Bike Building for Dummies #3

Language is not a genetic gift, it is a social gift. Learning a new language is becoming a member of the club -the community of speakers of that language. Frank Smith

Having managed to create a unicycle from my Singular 69er frame and a rear wheel, ‘What next?’  

I asked the combined wisdom of the Friston MTB group and the answers were many and varied.  The lovely Kate suggested a saddle which was a great answer because I know a) what a saddle is and b) which saddle I wanted.  Practically unheard of for this bike build, I promptly ordered my Selle Italia Gel Flow Diva .

My favourite answer however was this:

Were you going single speed? I have a Middleburn 33t chain ring (barely used), a Velosolo 21t sprocket (unused) and spacers that I’m selling.

The chainring is 105bcd so will need the correct sized cranks.

These two sentences were literally incomprehensible to me.  In my head, I understood that this was in actual fact the english language, however it might as well have been cantonese.  With google as my guide, I managed to do a bit of translation….

Chain Ring is the big pointy wheel thing with teeth that the chain goes on at the front.  The sprocket is the little one that goes at the back.  They look a bit like this:

 

 

The ‘t’ in‘33t’ and ‘21t’ actually relates to teeth which are the pointy bits on the outside of the ring, which makes sense if you think about it and the number is how many teeth there are on the outside.  Now this is actually really important for a single speed bike as the size of these rings determine your gear ratios.

The gear ratio is basically how hard you have to push to get your legs and therefore your bike up to Bo-peep / Eastbourne Lane for example and apparently it’s something that can take a bit of tweaking to get right for you.  Ellie’s singlespeed was a ‘32 / 18’, so 32 teeth on the big front ring and 18 on the back one.  It seemed to work for me. I made it up the majority of the hills and it was OK on the flat if slightly irritating that it felt like I was pedalling like Billyo and not getting very far. But I was being offered 33 / 21….what difference would that make?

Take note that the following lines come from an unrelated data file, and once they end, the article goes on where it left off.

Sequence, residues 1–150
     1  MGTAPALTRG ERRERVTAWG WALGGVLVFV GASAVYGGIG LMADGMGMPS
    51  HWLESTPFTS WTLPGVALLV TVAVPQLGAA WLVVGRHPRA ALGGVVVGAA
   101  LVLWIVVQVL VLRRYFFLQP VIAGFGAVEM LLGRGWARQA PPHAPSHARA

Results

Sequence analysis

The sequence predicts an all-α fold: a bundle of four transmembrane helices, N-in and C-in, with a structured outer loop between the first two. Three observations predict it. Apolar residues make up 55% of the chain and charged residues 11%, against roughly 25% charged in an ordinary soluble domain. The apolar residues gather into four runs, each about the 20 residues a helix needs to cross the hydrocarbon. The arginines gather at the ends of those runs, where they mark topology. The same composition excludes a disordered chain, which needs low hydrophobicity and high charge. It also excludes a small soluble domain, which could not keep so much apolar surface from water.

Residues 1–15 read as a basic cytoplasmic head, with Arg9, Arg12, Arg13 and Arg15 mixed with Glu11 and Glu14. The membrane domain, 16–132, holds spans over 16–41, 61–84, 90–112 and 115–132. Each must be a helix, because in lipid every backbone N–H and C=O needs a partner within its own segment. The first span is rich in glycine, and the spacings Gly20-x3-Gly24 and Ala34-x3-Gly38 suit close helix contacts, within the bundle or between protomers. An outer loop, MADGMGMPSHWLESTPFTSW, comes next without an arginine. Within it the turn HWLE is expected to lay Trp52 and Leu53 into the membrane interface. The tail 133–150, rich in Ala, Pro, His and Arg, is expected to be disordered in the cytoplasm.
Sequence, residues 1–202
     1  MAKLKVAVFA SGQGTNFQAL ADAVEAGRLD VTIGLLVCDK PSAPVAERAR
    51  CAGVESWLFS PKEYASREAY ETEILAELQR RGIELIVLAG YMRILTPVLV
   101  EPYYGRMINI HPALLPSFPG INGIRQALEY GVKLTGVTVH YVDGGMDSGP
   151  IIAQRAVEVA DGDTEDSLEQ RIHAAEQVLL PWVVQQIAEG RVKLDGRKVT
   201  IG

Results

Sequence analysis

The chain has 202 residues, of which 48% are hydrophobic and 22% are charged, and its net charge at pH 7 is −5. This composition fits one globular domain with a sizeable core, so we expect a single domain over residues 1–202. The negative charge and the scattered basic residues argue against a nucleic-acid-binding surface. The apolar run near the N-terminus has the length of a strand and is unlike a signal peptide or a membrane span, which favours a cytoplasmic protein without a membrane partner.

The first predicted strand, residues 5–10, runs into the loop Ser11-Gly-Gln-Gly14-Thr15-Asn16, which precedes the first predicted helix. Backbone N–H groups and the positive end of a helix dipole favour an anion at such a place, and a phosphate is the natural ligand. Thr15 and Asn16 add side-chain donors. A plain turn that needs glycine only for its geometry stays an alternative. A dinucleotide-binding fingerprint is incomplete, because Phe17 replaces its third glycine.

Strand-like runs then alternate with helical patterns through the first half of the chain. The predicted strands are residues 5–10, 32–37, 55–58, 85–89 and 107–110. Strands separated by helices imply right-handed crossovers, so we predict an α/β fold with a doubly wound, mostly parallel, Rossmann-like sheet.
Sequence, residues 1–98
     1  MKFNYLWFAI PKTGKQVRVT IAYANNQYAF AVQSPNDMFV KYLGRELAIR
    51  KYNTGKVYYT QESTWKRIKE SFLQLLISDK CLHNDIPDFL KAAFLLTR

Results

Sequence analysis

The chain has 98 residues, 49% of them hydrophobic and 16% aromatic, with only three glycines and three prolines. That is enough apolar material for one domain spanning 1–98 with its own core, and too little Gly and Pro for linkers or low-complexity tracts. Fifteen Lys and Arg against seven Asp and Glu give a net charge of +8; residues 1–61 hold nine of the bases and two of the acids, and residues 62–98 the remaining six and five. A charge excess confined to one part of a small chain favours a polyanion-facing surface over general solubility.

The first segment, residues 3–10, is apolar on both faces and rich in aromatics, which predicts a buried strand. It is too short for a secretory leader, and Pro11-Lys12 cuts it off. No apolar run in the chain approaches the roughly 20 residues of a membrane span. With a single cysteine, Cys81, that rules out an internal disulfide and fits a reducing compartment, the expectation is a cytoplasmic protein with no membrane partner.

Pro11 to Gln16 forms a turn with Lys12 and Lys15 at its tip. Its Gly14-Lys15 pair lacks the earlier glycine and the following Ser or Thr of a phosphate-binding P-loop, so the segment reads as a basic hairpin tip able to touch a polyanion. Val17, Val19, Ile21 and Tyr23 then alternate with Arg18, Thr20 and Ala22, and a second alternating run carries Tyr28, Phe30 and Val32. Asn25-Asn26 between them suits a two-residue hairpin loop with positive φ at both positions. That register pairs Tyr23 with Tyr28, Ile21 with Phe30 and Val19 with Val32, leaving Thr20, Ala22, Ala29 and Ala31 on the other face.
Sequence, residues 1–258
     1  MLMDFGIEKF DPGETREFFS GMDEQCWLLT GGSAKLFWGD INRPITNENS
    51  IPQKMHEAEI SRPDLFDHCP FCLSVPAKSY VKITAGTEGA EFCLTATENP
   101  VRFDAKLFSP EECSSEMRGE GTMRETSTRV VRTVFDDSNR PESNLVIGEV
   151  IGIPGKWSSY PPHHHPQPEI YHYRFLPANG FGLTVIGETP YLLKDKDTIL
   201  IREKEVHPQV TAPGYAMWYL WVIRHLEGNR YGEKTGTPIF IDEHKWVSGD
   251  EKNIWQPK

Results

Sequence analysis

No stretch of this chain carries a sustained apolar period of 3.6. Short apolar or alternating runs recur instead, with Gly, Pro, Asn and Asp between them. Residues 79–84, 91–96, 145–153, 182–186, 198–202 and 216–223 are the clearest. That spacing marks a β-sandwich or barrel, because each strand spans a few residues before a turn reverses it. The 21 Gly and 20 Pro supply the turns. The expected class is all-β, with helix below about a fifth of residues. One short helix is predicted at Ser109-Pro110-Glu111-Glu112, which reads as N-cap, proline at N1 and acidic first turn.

Another bit of quick googling showed that it would make a massive difference.

Gear ratio online calculator….brilliant for bike geeks. Including me!

The gear ratio for 32 / 18 is 1.78.  33 / 21 is 1.57, so it would be quite a bit easier as the lower that number is, the easier it is to pedal.  The gear ratio for a granny gear could be around 40 / 30, so 1.33 to give a bit of perspective if that helps.

So the 33 / 19 chain ring / socket set wasn’t for me….

The chainring is 105bcd so will need the correct sized cranks.

Bcd? Better cycle daily?  Bikes crash dully? Turns out that it stands for Bolt Circle Diameter. In the picture above, it would be the distance between the holes across the middle of the chainring.   This is basically the size of the mountings which attach the chainring to the cranks (cranks being the bit that the pedals attach to), so I would need to get the cranks first (or make sure that the cranks I got were compatible with that chainring).

AArrggghhhhhhhh……With fingers in ears, eyes closed, I rocked silently back and forth for a few moments before my head exploded.   At this point I had a glass of wine and gave up on chainrings, cranks, bcds and all that gubbins for the sake of my sanity.  Obviously I will have to revisit at some stage but for the time being, it is parked…

Calm once more, I was still keen to get on with doing something, ANYTHING to keep the bike build moving forwards.  Thankfully, a friend had donated some pedals and brakes which he had spare and was looking to declutter.   One of the pedals was stuck, but just needed cleaned and lubed up again to get it moving.  How hard could that be?

Well, I have to say it would have been easier if we had the right tools.  A set of spanners and a vice would have been handy, but we made do with an adjustable spanner, two pairs of hands, an allen key and a cloth to stop the flipping thing moving around all over place.  Once again, google and my ‘quick guide to bike maintenance’ book came in handy.  We basically had to take the inner bit out of the pedal, take it all apart, clean it thoroughly, then put it all back together again with a shedload of grease.

Things I have learned about pedals

  • There are 24 teeny, tiny ball bearings inside these pedals
  • The old rule ‘righty, tighty, lefty loosen’ rule doesn’t apply to all pedals.  It worked for one of mine but not the other and this is apparently correct.
  • It’s really important not to lose any of the aforesaid teeny tiny’ ball bearings
  • The inner core bit has lots of little parts which need ‘fettling’ which is fiddling about with all the little bits as you put them back together until it works.

We thought we’d done a pretty good job of cleaning / regreasing, so were a bit disappointed when the dodgy pedal was still stuck.  Luckily a passing bike guru (thanks Gus) was able to advise on the fettling element and with a bit more fiddling around we got it unstuck and working.  It only took an hour and a half….but another bit of the bike was ready.  Success!

Next time:  Wheels revisited…

 

 

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